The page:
Class Strategies in Chavista Venezuela: Pragmatic and Populist Policies in a Broader Context
by Steve Ellner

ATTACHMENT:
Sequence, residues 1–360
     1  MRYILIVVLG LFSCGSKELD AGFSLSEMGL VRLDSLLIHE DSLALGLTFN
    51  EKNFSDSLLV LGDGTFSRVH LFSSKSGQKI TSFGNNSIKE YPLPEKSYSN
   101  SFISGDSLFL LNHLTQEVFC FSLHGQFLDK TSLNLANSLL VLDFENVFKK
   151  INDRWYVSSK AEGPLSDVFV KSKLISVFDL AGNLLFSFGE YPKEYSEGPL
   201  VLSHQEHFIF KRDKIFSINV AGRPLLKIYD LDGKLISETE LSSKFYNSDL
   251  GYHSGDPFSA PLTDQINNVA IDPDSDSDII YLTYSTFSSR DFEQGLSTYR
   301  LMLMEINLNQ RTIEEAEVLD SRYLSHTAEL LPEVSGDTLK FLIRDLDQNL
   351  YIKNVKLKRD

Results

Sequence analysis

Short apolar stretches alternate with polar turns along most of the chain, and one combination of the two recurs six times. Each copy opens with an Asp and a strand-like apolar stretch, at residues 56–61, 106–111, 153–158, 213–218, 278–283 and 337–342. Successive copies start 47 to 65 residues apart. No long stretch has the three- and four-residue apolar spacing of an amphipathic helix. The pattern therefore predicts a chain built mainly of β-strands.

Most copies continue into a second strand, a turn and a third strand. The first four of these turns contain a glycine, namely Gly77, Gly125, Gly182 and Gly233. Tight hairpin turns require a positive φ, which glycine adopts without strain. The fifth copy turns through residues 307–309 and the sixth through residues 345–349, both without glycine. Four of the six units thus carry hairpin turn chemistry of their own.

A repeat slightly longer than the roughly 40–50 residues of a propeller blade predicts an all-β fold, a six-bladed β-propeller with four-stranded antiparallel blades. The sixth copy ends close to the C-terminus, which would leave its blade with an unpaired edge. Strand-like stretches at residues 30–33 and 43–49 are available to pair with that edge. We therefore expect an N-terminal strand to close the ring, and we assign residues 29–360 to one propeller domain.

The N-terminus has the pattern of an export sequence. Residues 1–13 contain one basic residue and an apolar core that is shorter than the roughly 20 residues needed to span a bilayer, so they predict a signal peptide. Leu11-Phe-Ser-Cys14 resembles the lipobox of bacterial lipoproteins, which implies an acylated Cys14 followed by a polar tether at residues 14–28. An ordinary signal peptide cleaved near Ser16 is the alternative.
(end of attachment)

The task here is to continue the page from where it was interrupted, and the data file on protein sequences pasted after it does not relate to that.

The governments of Hugo Chávez and Nicolás Maduro responded to the opposition’s attempts at regime change by implementing pragmatic policies favoring businesspeople who refused to participate in destabilization actions, as well as populist social measures benefiting the nonprivileged. Both sets of policies have to be placed in political context. The characterization of allegedly pro-government businesspeople as a new ruling elite referred to as the boliburguesía fails to take into account the sharp tensions between them and the Chavista leadership. The primary importance of social programs in the Chavista political triumphs over an extended period of time and of the periodic initiatives that sparked life into individual programs implicitly rules out claims regarding the government’s failure to alleviate poverty or achieve other social objectives. The Chavista governments failed to take full advantage of favorable periods and junctures when the opposition was demoralized following defeats in order to correct the negative side effects of pragmatic and populist class policies, such as bureaucratization and crony capitalism.
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